Monday, October 15, 2012
Here is an overview of each category, to see where the middle grade novel fits in:
Picture Books are intended for very young children, age 0 to 7. They are normally no longer than 32 pages and have 1,000 words at the very max. They are often read to the child by an adult.
Once children can read on their own (generally age 5 to 9), they can move on to Beginning Readers and Chapter Books. These books feel more like novels, but still have many pictures and a lot of space among the text. They are still relatively short compared to novels, maximum 3,500 words for beginning readers and 10,000 words for chapter books.
Then come the Middle Grade Novels, for confident readers aged 8 to 12 (13-14 for Upper Middle Grade). They average 20,000 to 45,000 words. The protagonist is typically the same age as the target audience, or slightly older. Kids read up. They will most likely be interested in reading about a character a little older than they are. This article by Kristi Holl talks about writing the middle grade novel and describes very well what this age group is about.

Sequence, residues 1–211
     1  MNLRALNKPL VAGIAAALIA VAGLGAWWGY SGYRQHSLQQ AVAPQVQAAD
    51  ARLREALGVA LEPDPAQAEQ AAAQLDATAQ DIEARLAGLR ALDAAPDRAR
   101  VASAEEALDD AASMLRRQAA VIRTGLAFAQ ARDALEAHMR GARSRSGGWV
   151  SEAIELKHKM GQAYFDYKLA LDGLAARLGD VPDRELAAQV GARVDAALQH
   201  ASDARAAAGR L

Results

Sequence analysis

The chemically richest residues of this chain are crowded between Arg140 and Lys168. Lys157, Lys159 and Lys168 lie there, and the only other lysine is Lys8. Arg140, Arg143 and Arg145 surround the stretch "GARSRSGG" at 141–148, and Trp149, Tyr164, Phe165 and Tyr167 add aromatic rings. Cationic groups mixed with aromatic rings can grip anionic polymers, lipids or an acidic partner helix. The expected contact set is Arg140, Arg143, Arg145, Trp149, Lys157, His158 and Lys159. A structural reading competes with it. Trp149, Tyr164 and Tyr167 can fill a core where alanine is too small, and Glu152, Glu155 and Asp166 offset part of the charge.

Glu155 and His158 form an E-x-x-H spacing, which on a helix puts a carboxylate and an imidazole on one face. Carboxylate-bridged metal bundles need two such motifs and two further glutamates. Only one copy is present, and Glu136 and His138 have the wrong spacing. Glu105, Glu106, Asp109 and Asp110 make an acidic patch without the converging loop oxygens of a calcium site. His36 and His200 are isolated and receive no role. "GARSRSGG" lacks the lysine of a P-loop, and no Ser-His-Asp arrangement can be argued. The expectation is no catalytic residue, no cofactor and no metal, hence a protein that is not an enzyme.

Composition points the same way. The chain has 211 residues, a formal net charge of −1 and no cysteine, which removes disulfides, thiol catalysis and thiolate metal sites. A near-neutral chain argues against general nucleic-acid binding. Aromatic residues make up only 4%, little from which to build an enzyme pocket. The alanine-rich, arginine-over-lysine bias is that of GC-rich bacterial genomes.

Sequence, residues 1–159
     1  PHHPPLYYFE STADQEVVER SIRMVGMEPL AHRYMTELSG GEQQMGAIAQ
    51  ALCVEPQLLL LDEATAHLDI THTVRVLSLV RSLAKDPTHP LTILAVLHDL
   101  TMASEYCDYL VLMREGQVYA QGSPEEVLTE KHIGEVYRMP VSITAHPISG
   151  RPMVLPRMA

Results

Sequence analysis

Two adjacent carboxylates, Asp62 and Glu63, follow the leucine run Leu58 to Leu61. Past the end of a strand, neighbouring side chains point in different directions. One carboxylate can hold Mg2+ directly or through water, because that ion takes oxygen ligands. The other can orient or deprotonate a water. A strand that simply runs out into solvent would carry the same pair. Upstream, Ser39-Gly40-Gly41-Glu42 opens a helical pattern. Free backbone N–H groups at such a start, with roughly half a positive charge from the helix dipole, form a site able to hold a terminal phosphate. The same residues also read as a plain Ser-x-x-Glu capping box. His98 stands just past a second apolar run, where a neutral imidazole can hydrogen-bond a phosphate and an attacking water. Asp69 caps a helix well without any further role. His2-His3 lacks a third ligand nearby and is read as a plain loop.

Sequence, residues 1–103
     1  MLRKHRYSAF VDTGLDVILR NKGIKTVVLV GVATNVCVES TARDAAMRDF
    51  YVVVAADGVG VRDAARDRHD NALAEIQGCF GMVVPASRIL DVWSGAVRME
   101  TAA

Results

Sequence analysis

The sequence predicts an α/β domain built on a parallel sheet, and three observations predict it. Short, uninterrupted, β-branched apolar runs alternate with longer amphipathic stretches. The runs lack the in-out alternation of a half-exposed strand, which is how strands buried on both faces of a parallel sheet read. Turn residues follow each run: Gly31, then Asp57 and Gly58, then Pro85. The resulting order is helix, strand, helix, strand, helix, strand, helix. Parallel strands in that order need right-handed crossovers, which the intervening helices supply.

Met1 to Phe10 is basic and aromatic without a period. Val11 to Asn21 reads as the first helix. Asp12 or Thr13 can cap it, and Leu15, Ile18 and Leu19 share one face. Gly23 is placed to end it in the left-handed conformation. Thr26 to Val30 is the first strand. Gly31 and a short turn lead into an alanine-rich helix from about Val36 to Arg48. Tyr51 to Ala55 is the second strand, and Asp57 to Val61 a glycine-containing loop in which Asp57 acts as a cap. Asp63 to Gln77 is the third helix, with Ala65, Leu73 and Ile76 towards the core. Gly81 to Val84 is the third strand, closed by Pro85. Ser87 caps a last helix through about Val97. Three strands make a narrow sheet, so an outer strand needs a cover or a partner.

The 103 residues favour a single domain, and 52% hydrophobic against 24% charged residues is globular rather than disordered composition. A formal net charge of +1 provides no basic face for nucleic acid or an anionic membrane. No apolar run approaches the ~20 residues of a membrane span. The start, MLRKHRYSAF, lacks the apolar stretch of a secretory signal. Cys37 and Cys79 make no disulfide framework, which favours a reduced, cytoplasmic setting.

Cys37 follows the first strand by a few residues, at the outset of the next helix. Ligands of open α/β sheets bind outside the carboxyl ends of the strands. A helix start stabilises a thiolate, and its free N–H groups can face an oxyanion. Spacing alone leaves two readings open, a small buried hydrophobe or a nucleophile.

Once kids outgrow MG novels, they move on to Young Adult Novels (YA), intended for 12- to 18-year-old readers. These novels average 45,000 to 70,000 words. The main differences are the age of the protagonist (normally a teen) and the theme of the novel being more relevant to a teen audience.
Sometimes the difference between MG and YA can be blurry. The word count is debatable, as there are MG novels that are longer than average and YA novels that are shorter. The age of the protagonist is a good indicator, but there are always exceptions. Debbie Ohi's article on MG v/s YA explains more in detail how to tell the difference between the two.
To find out a book's word count and its interest level, use Renaissance Learning's website. On this site, Lower Grades stands for Picture Books, Beginning Readers and Chapter Books; Middle Grades is for Middle Grade (obviously), Middle Grades Plus stands for Upper Middle Grade, and Upper Grades is for Young Adult.
Please note: The word counts I used are based on several articles I've read, mainly from Chuck Sambuchino at Writers Digest and from Casey McCormick's blog. Every article I found about word count seems to show different numbers, so it's hard to figure out which one is correct. This is just to give a general idea.
Here's another excellent post about word count, by agent Jennifer Laughran.